"That's what really got us into (President) Vartan Gregorian's office," said David-Lang. "After that, it became clear that we would have a sexual misconduct policy. And soon."

Gregorian published a statement in The Herald immediately following the show's airing that promised swift action. Meetings were held almost on a weekly basis between deans and groups of passionate, angry women, led by the four who appeared on Donahue.

But many of the accused men and their supporters said the rape lists were inexcusable, generating false accusations that ruined innocent lives. One male student, who wished to remain anonymous, said he almost transferred schools because of the social ostracism he faced.

He vehemently denied any kind of sexual assault, saying his accuser was simply disgruntled with their relationship and wanted an outlet.

"There was definitely a mob mentality with the whole thing," he said. "Many women started jumping on this bandwagon, publicly accusing men just because they could get away with it."

Although President Sheila Blumstein said she recognized that policy changes regarding sexual harassment were in order, she said the graffiti at the Rock presented a message lacking strength and integrity.

"I do not believe in any means to an end," she said. "If students wanted to make accusations, they should have done so officially to the institution. We were working on a new policy, and were growing more sensitive to student needs without these unfair accusations."

In the end, the University initiated a multi-step policy that for the first time explicitly defined sexual misconduct as a punishable offense in the disciplinary code, allowed for separation measures between the accuser and the accused and provided counseling for all parties involved, regardless of the outcome of disciplinary procedures.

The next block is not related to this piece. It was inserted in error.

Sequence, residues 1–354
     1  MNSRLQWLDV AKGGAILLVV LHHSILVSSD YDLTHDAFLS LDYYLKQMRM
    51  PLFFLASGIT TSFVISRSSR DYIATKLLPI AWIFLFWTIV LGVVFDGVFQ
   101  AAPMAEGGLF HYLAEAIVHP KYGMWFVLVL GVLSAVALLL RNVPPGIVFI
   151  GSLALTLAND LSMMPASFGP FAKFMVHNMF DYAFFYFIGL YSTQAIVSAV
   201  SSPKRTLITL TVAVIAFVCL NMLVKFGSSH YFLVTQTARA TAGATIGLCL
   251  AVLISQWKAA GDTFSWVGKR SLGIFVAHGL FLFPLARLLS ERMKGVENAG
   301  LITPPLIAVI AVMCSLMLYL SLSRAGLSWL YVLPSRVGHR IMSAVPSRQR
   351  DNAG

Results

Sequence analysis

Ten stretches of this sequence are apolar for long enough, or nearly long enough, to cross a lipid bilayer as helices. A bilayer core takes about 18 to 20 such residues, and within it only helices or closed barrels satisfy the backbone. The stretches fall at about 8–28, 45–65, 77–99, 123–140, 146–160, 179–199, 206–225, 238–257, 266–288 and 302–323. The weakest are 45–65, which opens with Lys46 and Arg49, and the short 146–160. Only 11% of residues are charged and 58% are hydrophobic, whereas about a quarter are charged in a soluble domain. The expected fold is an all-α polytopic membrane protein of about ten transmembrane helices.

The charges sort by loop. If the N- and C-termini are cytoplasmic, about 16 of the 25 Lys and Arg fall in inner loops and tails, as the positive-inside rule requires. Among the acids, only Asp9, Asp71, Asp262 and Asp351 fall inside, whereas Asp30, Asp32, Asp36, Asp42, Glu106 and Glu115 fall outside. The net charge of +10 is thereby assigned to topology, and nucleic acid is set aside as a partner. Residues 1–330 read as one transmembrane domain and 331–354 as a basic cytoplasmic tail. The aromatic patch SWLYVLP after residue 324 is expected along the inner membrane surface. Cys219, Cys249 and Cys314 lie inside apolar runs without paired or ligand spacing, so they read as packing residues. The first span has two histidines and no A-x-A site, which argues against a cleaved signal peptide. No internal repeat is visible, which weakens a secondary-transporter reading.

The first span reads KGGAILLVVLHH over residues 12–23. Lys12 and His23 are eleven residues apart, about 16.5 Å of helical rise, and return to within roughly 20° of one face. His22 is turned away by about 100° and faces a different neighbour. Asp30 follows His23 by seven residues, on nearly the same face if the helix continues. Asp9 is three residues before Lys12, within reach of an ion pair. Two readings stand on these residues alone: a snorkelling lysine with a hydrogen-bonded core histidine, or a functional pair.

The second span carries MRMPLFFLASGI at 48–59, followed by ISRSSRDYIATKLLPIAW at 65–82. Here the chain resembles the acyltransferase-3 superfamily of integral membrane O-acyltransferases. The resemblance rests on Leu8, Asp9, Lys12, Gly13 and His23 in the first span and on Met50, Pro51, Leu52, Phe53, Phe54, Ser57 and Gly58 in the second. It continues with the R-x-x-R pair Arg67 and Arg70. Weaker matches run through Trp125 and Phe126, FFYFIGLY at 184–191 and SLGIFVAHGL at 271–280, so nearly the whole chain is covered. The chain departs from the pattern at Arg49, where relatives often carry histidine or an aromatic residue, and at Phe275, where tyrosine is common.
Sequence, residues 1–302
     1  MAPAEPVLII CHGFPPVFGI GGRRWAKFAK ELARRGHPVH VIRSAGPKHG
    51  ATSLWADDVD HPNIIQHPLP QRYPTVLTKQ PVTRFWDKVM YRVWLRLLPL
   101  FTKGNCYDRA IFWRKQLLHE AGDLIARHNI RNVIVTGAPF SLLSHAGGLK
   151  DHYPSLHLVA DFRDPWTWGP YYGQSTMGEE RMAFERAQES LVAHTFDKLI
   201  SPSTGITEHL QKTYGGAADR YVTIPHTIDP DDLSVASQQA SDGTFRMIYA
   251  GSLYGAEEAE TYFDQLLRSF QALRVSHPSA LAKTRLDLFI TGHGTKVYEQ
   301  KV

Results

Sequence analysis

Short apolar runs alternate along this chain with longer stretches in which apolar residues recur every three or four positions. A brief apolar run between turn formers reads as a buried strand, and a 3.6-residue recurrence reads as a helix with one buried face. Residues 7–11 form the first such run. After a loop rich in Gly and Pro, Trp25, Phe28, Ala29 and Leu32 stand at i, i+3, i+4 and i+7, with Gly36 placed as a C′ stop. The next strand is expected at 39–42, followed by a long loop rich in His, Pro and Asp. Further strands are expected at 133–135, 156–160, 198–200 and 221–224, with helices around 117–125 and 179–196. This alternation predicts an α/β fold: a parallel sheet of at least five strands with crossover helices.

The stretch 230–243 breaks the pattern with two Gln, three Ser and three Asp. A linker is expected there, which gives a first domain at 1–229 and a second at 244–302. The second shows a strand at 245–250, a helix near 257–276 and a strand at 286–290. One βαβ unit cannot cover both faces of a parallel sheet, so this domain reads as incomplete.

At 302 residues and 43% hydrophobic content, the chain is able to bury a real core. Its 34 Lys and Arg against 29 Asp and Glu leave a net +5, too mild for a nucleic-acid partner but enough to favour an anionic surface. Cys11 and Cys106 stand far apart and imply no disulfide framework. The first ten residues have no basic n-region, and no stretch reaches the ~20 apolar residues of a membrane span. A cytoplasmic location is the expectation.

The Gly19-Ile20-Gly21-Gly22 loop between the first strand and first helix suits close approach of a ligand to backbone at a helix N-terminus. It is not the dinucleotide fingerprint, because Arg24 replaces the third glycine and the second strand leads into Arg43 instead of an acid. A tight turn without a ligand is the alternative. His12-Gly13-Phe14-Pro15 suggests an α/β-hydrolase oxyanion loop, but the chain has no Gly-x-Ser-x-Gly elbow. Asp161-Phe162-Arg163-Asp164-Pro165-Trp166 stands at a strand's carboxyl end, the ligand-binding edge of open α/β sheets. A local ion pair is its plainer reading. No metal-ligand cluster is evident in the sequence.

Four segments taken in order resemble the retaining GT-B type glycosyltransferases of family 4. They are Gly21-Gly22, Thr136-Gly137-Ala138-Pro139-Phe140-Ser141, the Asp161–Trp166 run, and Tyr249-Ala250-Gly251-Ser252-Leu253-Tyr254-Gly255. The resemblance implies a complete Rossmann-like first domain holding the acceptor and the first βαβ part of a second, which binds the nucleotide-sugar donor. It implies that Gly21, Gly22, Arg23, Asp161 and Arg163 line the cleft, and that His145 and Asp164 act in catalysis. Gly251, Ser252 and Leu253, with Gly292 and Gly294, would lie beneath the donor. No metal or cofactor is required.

Administrators also designated a one-hour section of first-year orientation to sexual assault education, and Safewalk was initiated for additional student safety. Professor Barbara Tannenbaum was appointed as the official ombudsperson for women's concerns on campus. These changes were a landmark victory that set a precedent for other universities, Blumstein said.

Between 1991 and 1997, Simon said that confidence grew in the new system, and more and more students felt comfortable coming forward with cases of sexual harassment. She attributed this confidence not just to the policy change, but also to a more educated campus population.

Simon said she is a staunch believer in the power of student advocacy groups. After the 1991 events, she became the driving force behind SAFE, a student-run peer education program of about 100 students that led the orientation discussion of sexual harassment by performing an interactive theater skit all over campus to educate students about how to handle uncomfortable situations. Word of SAFE's witty performances traveled throughout universities in the Northeast, and eventually became a national model for creating a more sophisticated consciousness about sexual harassment on college campuses.

"People needed to know that sexual harassment was not the same type of offense as forging checks. It's a lot more blurry, but still a crime," Simon said.